Virginia State Flag Virginia

The Commonwealth of Virginia Quarter

The Virginia State Quarter - #10 in Series Ten cannon shots were fired at the Jamestown Settlement the morning of October 16, 2000, marking the launch of the Virginia state quarter – the tenth new coin minted under the U.S. Mint’s 50 State Quarters Program. The event took place in front of replicas of the three ships portrayed on the new coin -- the Susan Constant, the Godspeed and the Discovery - the sailing vessels that brought the first permanent English settlers to Jamestown, Virginia in 1607.

On April 10, 1606, King James I of England chartered the Virginia Company to encourage colonization in the New World. The first expedition, consisting of the three ships depicted on the quarter, embarked from London on December 20, 1606. On May 12, 1607, they landed on a small island along the James River nearly 60 miles from the mouth of the Chesapeake Bay. It was here the original settlers (104 men and boys) established the first permanent English settlement called Jamestown, in honor of King James I. “The Virginia quarter depicts one of the most significant sites in state and national history," said U.S. Treasurer Mary Ellen Winthrow.

In 2007, Jamestown, the first permanent settlement in the United States, will celebrate its 400th anniversary. To commemorate this event, the new quarter design includes the word, “QUADRICENTENNIAL.” “These coins will circulate throughout the nation for years to come and will stand as a symbol to all Americans that the courage and perseverance of our forefathers began here in Jamestown,” said Virginia Governor James Gilmore.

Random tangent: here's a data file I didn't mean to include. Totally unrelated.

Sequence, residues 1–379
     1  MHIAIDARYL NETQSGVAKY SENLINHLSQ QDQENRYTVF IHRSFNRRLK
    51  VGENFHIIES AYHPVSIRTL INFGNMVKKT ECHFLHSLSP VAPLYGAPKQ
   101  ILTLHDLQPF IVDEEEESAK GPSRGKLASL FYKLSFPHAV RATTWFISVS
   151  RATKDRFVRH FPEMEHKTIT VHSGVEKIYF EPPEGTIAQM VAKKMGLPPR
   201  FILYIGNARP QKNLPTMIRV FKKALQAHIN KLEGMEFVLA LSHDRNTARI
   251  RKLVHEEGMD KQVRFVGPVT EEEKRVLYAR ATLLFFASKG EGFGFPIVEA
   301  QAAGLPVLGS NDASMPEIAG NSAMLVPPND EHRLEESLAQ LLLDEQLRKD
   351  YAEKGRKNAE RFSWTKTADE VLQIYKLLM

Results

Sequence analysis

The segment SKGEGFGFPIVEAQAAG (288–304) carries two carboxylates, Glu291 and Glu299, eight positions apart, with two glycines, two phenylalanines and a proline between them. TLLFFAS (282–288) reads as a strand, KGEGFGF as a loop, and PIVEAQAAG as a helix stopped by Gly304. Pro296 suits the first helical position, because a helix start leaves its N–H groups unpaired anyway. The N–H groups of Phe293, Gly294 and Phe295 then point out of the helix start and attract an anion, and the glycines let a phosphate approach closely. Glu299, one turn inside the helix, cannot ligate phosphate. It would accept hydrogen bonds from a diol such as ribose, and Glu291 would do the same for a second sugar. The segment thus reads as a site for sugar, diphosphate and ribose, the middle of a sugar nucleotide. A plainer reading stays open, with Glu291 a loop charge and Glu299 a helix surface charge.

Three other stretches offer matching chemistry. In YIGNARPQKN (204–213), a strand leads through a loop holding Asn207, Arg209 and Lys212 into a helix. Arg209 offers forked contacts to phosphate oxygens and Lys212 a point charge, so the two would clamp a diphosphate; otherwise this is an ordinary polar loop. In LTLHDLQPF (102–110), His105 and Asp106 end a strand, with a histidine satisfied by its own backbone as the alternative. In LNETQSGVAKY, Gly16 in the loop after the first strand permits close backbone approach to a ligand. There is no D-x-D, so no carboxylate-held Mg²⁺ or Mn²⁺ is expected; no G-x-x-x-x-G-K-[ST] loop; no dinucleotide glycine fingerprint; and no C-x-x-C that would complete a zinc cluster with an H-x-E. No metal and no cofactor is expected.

The release of the Virginia quarter marks the end of the distribution of the New Hampshire quarter. Each new quarter is minted for approximately ten weeks, after which its is no longer produced. The new quarters are manufactured at both the Philadelphia and Denver Mints, which produce all legal tender U.S. circulating coins, before being shipped to the Federal Reserve for distribution through the banking system. The Federal Reserve orders new quarters to ensure an adequate supply to meet the needs of commerce as commercial banks demand.

The selection of the design for Virginia's new quarter began when Governor James Gilmore III selected State Treasurer Susan F. Dewey to serve as liaison to the U.S. Mint for the 50 State Quarters™ Program. Ideas were solicited from colleges, universities, museums, and state agencies. Public comment was overwhelming, with thousands of responses received. Representatives from the Library of Virginia, the Department of Historic Resources, the Virginia Tourism Corporation and the Department of General Services assisted the State Treasurer in selecting design concepts for the Virginia quarter. The citizens of Virginia were encouraged to provide their comments. Governor Gilmore then forwarded his final design concept recommendation, the Jamestown Quadricentennial, to the Secretary of the Treasury who gave final approval.

Source: United States Mint,, March 23, 2001.

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